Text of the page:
The trouble with copyright

So, the wonderful online speculative fiction magazine, Strange Horizons, has very admirably decided to offer the option to all of its past contributors to license their work under a Creative Commons license. If you don’t know what this is, then click on the link for detailed information, but in brief: it’s a way for authors to get around the ludicrously restrictive copyright laws that only benefit a handful of corporations (cough, Disney, cough) and allow their work to be used for certain purposes that they define. The one that I chose for my story Shard of Glass is here:

Creative Commons License

Shard of Glass by
Alaya Dawn Johnson is licensed under a
Creative Commons Attribution-Noncommercial-Share Alike 3.0 United States License.

I like it because it lets people fool around with my idea and do what they like with it, so long as they don’t do it commercially and they offer their work under the same happy, hippie-free-love license. Now, wouldn’t the world be a better place if all creative people decided to get over themselves and offer their work like this? I’ll still get paid if someone wants to use my work in a commercial way (i.e. Spielberg still has to call), but for everything else, I say: enjoy yourselves. Not as though I think there will be some mad rush to make the literary equivalent of the Grey Album now that I have released my story’s bounty to the world or anything, but I like the principle. My other stories aren’t online, but I’m thinking that I should attempt to figure out how to apply this license to them also. I’d even like to put it on my novel, but I figure I should at least wait until it comes out.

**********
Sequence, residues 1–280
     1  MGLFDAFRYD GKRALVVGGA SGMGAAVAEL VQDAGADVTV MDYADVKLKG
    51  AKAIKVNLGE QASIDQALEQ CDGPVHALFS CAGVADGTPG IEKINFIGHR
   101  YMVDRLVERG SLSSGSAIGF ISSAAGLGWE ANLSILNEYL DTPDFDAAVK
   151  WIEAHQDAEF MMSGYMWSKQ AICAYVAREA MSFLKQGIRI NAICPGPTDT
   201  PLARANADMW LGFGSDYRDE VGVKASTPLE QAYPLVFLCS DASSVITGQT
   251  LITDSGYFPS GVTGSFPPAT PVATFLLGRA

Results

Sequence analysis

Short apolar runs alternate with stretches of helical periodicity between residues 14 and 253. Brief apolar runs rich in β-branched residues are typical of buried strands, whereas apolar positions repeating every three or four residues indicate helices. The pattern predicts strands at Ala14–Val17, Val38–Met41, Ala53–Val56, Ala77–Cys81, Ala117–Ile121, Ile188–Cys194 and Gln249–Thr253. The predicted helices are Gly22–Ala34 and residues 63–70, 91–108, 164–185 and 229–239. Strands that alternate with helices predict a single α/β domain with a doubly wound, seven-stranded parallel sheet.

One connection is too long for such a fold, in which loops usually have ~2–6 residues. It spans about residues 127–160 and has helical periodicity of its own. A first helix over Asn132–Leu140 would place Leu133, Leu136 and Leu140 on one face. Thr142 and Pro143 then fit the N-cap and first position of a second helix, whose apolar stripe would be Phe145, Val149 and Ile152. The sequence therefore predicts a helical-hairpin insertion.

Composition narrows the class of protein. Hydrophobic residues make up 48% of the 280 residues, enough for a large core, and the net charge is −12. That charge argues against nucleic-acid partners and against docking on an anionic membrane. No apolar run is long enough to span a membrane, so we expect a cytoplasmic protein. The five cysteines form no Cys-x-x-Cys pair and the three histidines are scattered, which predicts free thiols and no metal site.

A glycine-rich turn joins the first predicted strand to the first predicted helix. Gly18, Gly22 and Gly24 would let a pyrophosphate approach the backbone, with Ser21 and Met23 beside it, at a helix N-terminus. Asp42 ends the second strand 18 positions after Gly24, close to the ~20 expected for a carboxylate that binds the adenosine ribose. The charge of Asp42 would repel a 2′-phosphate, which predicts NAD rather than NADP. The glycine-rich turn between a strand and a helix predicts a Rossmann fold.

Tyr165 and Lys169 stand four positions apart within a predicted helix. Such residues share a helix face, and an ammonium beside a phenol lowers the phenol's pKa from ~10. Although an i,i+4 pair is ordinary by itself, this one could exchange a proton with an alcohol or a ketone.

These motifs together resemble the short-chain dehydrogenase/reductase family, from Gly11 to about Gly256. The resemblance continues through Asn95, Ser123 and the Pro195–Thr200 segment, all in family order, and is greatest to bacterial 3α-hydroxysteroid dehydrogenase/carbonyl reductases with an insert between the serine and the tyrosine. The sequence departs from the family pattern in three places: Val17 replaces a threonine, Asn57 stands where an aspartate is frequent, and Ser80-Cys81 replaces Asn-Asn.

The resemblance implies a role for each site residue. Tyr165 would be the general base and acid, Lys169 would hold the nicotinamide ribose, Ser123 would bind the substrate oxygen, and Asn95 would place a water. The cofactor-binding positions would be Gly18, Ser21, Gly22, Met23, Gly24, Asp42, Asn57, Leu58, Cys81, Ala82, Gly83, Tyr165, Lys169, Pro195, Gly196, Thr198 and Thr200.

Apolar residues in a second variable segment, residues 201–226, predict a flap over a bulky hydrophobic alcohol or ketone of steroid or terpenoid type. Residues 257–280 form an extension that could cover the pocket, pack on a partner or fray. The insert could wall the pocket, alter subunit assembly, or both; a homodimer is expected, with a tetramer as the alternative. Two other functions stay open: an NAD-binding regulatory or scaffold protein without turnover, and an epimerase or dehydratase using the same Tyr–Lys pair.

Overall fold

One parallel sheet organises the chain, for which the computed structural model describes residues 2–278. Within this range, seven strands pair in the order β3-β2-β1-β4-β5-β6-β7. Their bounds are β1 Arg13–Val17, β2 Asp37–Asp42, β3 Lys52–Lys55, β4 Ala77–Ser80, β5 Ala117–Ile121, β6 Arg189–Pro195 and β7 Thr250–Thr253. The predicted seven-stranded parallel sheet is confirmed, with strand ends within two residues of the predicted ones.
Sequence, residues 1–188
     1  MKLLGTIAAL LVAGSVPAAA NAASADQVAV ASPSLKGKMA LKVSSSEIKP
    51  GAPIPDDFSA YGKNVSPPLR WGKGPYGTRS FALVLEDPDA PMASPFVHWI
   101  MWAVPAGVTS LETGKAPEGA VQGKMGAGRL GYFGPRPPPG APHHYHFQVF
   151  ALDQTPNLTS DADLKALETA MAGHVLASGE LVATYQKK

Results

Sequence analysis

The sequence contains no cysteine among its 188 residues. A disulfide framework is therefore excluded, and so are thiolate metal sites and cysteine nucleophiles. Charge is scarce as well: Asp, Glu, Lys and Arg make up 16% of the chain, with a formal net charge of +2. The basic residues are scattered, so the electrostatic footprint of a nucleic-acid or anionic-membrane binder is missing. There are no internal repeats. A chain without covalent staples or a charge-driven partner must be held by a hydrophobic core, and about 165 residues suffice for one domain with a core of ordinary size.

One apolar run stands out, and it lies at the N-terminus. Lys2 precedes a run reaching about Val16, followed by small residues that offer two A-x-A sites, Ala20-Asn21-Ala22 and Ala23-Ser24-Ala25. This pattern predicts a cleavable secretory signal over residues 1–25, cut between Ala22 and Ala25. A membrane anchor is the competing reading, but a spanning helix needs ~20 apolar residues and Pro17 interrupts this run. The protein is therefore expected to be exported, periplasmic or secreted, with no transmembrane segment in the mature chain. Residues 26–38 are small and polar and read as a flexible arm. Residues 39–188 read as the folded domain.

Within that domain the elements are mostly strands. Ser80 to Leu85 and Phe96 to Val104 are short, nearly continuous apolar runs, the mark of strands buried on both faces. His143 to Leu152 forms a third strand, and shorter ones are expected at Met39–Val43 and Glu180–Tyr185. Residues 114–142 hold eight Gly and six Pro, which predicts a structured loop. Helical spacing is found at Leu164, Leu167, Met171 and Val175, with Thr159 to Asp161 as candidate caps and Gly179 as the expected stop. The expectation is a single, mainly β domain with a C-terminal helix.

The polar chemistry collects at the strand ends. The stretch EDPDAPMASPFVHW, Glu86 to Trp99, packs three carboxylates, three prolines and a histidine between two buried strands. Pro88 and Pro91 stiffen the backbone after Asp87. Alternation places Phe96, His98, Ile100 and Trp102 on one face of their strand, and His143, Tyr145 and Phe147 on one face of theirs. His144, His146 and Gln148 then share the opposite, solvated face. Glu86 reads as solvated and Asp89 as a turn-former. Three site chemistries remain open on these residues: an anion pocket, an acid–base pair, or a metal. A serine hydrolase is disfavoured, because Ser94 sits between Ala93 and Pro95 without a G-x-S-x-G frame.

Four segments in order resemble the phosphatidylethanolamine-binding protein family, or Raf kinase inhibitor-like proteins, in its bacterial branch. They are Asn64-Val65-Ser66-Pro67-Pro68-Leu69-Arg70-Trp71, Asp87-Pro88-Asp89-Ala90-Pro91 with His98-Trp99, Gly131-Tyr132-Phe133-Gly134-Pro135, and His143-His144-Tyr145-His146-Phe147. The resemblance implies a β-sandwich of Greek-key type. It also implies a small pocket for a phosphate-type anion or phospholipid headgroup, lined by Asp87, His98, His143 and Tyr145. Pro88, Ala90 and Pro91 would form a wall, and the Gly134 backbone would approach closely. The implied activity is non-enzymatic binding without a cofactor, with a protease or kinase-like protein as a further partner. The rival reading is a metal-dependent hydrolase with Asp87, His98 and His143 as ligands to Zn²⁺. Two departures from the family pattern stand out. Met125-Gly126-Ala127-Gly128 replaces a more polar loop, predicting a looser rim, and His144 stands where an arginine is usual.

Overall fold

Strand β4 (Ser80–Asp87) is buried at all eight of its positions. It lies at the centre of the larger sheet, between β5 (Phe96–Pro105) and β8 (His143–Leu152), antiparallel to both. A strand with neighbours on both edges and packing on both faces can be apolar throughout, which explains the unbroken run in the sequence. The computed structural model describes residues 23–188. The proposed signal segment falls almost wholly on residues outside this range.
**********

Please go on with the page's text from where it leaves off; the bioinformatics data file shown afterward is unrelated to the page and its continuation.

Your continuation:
The Creative Commons people have, in addition, increased my esteem of them beyond measure by also offering what they call a Founder’s Copyright— essentially, a limited copyright that gives you exclusive rights for 14 or 28 years, instead of the (truly absurd) 95 that’s on the books right now (yeah, thanks Mickey). Apparently, the “Founding Fathers” thought that 28 years was more than enough time to get the benefits of private ownership of your work, and would probably wonder who the hell a copyright that lasts for 70 years after the author’s death benefits.

I’ve heard stories of anthologists who have made valiant attempts to bring some obscure author’s work to public attention by republishing it, but were stymied by the (astonishingly dumb) family members, who felt that 10 or 20 cents per word just couldn’t be good enough, got horrible advice from the neighborhood property lawyer, and demanded some outlandish fee that absolutely no one would give them, all on the bizarre idea that the next person calling them for permission would have to be a Hollywood exec. I’m sorry, but I make no promises as to the intelligence (or market savvy) of my progeny, and I don’t want them to have the sole responsibility of managing my writing when I’m dead. It’s very important to me that my work be in the public domain by the time I’m gone, and probably for a while before that. After all, why shouldn’t it be? Yes, I might be the originator of a story, but I know perfectly well that once other people read it, it becomes a little part of them as well. It’s presumptuous of me, I think, to claim that I should have the rights to whatever is done with it for now and forever. Hell, I write fanfiction, so it would be a little hypocritical of me to hate all derivative works.

You want to know when I’ll be sure I’ve “arrived?” For some, it’s the expensive car, or the invitation to the swank party, or the front page New York Times Book review, or getting mentioned on Page 6. For me, it’s having fanfic written for my work. The very idea flabbergasts me. There is no greater compliment than having a group of people so inspired and excited by something you’ve created that they want to spend the hours and hours necessary to play in it more. I personally think JK Rowling must be the happiest writer alive (though, of course, she must have her own peculiar stresses). Maybe because of that, I don’t want a stupid, corporate-lobbied, draconian copyright law getting in the way of what these hypothetical future fans might want to create. I want my novels to have creative commons licenses, and I want the whole copyright to go away at a proper, reasonable time. Like 14 or 28 years.

The Creative Commons people say that they aren’t interested in lobbying congress to change the law. But I think that someone ought to. 95 years doesn’t benefit anyone except Winnie the Pooh and Mickey Mouse, and I think it’s high time they let us have our way with them, don’t you?